Thursday, July 18, 2013

Blight at 2,000 metres

Is all well with the representative tree of Japan’s alpine zone?

This just came in from Hakusan, the home mountain of the Hyakumeizan author. The photo below shows a creeping pine tree (haimatsu, Pinus pumila) affected by some kind of blight or rust that has turned the tips of its branches a reddish colour.

None of the experienced local mountaineers in the photographer's group could recall having seen creeping pines in this condition before, at least on this mountain. Several more haimatsu thickets in the area of San-no-mine, a subsidiary peak, were blighted in the same way.

Haimatsu is the representative tree of Japan’s mountaintops. “The scent of creeping pine” (Haimatsu no nioi) is the title of an essay on the joys of mountaineering by Kojima Usui, the founder of the Japan Alpine Club. On Hakusan, haimatsu thickets extend from the summit regions, at about 2,700 metres, down to about 2,000 metres, the tree’s lower limit, where this photo was taken.

According to a botanical garden’s website, the tree, when cultivated, “is susceptible to tip blight, rusts and rots. Pine needle scale can be a serious problem in some areas. Sawflies, moths and borers may appear.” That said, these afflictions shouldn't be much in evidence when haimatsu is growing in its natural habitat. Unless, perhaps, the habitat has changed. This year, Japan’s rainy season came late. Less rain fell than usual, while temperatures were much hotter than average.

Image courtesy of Kita-Nihon Shinbun
On Tateyama last year, the haimatsu withered in the vicinity of Jigoku-dani when the valley’s fumaroles started to emit more sulphurous volcanic gases than usual (photo, right). But this was apparently a localised problem.

Volcanic gases are unlikely on long-dormant Hakusan. More plausible culprits for the blighted haimatsu could include industrial pollution (see Yellow sand, black snow), rapacious caterpillars or competition from other plants.

It may be that the Hakusan blight is also a localised problem. Or something more widespread may be going on. Has anybody else seen haimatsu thickets that are affected like this on other Japanese mountains?

Update on 24 July

The same group of mountaineers who sent in the Hakusan photos went to the Karamatsu/Goryu area in the Northern Alps on the following weekend. These mountains are a good distance inland and further north than Hakusan.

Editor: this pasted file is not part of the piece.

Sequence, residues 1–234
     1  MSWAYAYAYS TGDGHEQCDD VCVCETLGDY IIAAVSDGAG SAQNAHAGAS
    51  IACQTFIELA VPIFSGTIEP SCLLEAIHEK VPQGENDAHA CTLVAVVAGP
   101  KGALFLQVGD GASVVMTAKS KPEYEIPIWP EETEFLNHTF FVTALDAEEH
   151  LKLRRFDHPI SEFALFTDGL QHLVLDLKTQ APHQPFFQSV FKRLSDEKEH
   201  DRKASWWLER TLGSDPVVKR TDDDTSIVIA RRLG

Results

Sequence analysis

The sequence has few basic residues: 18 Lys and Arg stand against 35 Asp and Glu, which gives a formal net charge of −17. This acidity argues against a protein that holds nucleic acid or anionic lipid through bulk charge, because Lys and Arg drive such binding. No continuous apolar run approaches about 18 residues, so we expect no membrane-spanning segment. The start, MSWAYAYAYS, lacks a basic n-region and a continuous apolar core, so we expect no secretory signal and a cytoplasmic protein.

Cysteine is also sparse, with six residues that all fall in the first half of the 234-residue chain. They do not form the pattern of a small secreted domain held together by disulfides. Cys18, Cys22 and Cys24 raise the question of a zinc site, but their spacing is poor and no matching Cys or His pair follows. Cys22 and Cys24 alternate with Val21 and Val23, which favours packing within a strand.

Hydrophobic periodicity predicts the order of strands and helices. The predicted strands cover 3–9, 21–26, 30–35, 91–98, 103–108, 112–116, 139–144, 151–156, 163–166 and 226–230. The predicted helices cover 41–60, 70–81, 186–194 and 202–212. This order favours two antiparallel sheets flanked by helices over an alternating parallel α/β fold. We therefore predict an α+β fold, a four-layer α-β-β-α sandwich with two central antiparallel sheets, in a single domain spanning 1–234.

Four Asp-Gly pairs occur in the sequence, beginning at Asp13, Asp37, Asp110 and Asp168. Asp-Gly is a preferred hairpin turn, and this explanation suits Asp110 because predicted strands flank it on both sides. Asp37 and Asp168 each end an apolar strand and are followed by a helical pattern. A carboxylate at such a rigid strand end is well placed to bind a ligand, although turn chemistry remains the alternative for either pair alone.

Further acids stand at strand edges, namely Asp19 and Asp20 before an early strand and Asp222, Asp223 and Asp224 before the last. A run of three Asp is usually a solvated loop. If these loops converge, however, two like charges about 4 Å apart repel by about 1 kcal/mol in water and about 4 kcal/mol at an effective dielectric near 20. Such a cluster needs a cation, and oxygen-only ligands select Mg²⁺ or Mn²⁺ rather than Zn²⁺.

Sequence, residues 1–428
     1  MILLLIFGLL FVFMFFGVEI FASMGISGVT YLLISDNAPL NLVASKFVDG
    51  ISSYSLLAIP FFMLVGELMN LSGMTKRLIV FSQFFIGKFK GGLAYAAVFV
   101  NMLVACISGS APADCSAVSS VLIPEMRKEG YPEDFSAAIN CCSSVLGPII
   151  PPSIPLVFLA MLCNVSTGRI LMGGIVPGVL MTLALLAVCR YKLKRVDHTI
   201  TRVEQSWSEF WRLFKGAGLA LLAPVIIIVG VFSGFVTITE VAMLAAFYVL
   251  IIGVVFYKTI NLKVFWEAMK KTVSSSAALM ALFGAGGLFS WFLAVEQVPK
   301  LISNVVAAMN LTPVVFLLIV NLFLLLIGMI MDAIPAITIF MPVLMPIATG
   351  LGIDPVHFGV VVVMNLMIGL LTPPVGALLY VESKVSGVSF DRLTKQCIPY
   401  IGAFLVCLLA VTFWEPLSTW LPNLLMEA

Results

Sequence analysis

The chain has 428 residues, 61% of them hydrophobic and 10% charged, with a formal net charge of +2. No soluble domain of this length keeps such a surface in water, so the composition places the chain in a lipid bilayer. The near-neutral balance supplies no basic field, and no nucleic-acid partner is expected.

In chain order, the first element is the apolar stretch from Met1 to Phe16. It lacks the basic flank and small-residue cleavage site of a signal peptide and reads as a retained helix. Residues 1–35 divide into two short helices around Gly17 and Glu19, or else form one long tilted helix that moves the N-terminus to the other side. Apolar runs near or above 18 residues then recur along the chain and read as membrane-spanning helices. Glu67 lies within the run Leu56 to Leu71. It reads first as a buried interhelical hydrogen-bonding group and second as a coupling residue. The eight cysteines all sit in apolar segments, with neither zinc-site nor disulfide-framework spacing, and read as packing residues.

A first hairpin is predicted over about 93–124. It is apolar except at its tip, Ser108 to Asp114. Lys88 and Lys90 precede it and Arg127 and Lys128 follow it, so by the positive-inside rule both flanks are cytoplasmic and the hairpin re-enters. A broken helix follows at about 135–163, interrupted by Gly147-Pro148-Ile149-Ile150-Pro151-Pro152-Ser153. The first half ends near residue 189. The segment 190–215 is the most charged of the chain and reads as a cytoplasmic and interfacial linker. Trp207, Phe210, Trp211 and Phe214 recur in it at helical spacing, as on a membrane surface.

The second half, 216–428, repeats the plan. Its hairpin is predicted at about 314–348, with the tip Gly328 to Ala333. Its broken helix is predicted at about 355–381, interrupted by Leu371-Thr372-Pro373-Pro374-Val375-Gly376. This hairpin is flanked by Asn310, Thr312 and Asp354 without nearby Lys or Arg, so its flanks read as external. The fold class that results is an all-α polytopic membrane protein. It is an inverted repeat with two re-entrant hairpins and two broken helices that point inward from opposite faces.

And there (see photo right) they found more evidence of the haimatsu rust or blight. The "rusty" bushes were at a height of 2,300-2,500 metres and were mixed in with healthy bushes. So this is not an isolated problem.

Update on 27 July

Hanameizan reports that most of the haimatsu bushes on Amida-dake (in the Yatsu-ga-take range) are tinged with rust (see picture right). Also, he adds, some other conifers and bushy plants appeared to be scorched.

Update on 26 August

Hanameizan is just back from a long hike from the Japan Sea Coast to Karamatsu: "From Nihon-kai to Karamatsu (Tsugami Shindo), the haimatsu tips were burned pretty much everywhere. Will be interesting to see whether the state worsens or improves next year," he reports (see picture below).


hanameizan said...

I saw nothing like that on Sugoroku/Yari yesterday. The haimatsu looked healthy, with plenty of fresh shoots. The growlings of raichou adults and squawking chicks suggested they too were in good health.

Will keep an eye out for diseased haimatsu on upcoming trips.

Project Hyakumeizan said...

Hanameizan: it's welcome news that the haimatsu and the raicho are in good shape on Sugoroku. But the news from Karamatsu/Goryu - just a bit further north - is not so good (see update posted above). An article in the Asahi says that airborne pollution is being concentrated in rime ice or snow on the mountains. See:-

Maybe this is affecting the haimatsu, although one shouldn't leap too hastily to conclusions ...

hanameizan said...

I had forgotten about your posting on yellow sand, black snow. Occasionally a dump of Chinese dust can be seen on cars etc., so it's highly possible (though I suspect the high pollution levels in Kawasaki mentioned in the article might just be of local origin!).

Anyway, checking the haimatsu will give me something to do while traipsing the ridges.

Anonymous said...

This summer the rainy season was announced in late May not mid-June. When it ended I never heard because rain persisted til the end of July. Yakushima however was suffering from a drought almost.

This was the summer of the 千年猛暑- the hottest summer in 1,000 years. We had many days in the high thirties and Shikoku's Kouchi set a new record for heat at 41 degrees. We also had tornadoes and ice cube sized hail stones this September.

I would not be surprised if the heat and unusual weather had something to do with the pines.